The human genome has always been
understood as the most basic code that defines who we are. Our genes are a set
of unchangeable instructions – but what if there was a way to alter how these
instructions were read? The growing field of epigenetics addresses this idea
that there can be variations in how genes are expressed.
Epigenetics is the study of
biological modifications that change how our genes are expressed without
altering the actual genetic code. At its simplest, epigenetics looks at how environmental
and behavioral factors – things like diet, exercise, and stress – influence not
only our health but also the health of our children and future generations.
Similarly, our parents’ and grandparents’ habits may have changed how the genes
they passed on to us are displayed. For
example, some epigenetic mechanisms silence or activate genes, which can lead
to certain genetic diseases.
Several studies in the last decade
have advanced our understanding of epigenetics and the potential consequences
(or benefits) of some behaviors and health indicators. In one study, mice whose
mothers spent more time licking and nursing them as babies were shown to be
less anxious than mice who did not receive maternal grooming. Upon closer
examination, this trend was shown to be linked to epigenetics. Mice who
received maternal grooming when they were young had acquired molecular level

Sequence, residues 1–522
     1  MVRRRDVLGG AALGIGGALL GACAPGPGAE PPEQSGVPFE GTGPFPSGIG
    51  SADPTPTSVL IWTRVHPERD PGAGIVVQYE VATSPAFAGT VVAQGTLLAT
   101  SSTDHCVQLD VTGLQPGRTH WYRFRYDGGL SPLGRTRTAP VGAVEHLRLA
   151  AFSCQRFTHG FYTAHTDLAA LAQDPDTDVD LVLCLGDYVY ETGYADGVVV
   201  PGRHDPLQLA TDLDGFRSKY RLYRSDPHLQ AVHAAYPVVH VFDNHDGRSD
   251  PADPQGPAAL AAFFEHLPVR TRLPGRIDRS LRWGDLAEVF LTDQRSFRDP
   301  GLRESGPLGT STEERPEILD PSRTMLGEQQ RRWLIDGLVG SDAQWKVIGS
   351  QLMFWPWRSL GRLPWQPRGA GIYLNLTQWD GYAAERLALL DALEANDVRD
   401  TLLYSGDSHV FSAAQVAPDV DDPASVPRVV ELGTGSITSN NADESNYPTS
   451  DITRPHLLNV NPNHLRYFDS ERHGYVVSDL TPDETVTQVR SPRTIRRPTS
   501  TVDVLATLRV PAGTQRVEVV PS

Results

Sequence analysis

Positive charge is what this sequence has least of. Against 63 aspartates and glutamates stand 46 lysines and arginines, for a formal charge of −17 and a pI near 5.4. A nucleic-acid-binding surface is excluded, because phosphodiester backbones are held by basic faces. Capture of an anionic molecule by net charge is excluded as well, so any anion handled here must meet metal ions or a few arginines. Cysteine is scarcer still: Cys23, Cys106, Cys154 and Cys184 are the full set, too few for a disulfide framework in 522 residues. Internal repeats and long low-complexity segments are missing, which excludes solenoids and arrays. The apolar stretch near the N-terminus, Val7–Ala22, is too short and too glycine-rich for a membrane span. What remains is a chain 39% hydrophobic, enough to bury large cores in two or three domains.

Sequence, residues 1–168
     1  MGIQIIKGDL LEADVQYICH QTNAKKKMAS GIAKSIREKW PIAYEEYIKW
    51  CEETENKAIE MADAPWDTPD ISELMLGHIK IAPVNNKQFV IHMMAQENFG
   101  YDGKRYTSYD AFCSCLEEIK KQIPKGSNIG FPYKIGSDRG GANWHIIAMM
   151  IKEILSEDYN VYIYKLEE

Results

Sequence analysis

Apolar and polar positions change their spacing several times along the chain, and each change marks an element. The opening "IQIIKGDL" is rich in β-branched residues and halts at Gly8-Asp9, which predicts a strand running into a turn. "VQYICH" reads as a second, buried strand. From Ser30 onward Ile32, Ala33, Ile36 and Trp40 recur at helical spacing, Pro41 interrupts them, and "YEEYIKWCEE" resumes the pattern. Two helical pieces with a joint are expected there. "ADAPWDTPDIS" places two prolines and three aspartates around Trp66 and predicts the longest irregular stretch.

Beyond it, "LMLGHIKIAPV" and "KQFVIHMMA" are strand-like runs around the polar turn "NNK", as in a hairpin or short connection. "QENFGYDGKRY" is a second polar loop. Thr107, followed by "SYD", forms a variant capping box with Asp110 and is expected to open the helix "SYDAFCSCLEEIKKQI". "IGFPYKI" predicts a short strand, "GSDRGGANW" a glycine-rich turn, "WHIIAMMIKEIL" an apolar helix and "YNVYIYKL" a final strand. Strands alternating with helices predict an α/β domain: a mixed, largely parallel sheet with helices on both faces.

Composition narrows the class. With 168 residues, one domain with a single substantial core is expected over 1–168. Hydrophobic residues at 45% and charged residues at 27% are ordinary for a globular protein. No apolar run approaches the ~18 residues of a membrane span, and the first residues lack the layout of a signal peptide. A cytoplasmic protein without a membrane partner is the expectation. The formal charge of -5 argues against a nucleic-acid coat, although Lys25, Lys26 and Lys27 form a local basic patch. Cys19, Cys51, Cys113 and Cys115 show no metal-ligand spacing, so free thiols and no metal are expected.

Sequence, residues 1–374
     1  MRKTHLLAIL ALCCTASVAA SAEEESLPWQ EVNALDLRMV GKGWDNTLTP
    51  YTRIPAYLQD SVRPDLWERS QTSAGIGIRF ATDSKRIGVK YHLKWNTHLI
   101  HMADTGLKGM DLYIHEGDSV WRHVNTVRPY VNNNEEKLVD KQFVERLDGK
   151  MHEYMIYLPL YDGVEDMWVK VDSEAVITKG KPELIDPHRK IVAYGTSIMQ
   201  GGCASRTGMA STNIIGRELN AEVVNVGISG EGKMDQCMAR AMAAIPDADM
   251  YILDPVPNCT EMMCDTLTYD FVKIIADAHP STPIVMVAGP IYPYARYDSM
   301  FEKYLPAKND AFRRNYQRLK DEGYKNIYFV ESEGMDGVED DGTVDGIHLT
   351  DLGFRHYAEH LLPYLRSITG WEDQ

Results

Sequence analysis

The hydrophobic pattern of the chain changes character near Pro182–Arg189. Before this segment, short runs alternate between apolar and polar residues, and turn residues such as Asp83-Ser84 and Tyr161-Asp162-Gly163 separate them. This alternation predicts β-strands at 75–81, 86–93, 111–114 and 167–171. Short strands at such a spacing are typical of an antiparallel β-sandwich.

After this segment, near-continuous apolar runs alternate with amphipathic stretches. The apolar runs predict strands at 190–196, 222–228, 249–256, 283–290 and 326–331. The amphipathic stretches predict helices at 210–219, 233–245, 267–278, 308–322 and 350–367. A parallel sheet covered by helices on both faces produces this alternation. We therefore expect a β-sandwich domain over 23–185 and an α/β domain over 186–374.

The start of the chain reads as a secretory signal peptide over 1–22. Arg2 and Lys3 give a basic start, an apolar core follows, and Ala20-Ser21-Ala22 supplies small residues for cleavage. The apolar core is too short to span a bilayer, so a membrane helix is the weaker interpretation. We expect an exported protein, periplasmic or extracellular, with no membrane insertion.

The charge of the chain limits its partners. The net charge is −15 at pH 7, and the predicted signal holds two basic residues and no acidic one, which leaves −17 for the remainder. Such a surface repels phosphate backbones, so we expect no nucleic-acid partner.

modifications that silenced genes related to stress response. Another study
demonstrated that pregnant mice who were fed a methyl-rich diet during
pregnancy gave birth to healthier babies with darker colored fur. Mice who were
given a low-methyl diet gave birth to offspring with lighter pigmentation who
were more prone to obesity as they grew up. Again, these traits occurred
because certain genes were silenced based on the diet the pregnant mice were
fed. This study was particularly interesting because is showed that maternal
diet can have an effect on the way genes are expressed in their offspring.
Studies about epigenetics reveal
important insight into how external factors can influence our genes. Even though
we are born with a fixed genetic code, our environment and behavior may impact
the way our genes are expressed. Does this mean we can do things to actively
change our genetic "fate"? Right now, the answer is no. There is still a lot to
learn about epigenetics and how our actions effects our genetic code, as well
as gene expression in future generations. This will certainly be an interesting
field as new information unfolds!
Dolinoy, D. C. (2008). The
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Champagne, F. A. (2012). Epigenetic Influence of Stress and the Social
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Weinhold, B. (2006).
Epigenetics: The Science of Change. Environmental
Health Perspectives, 114(3),
Christoph Bock, Max Planck Institute for Informatics (Own work) [CC BY-SA 3.0(http://creativecommons.org/licenses/by-sa/3.0)], via Wikimedia Commons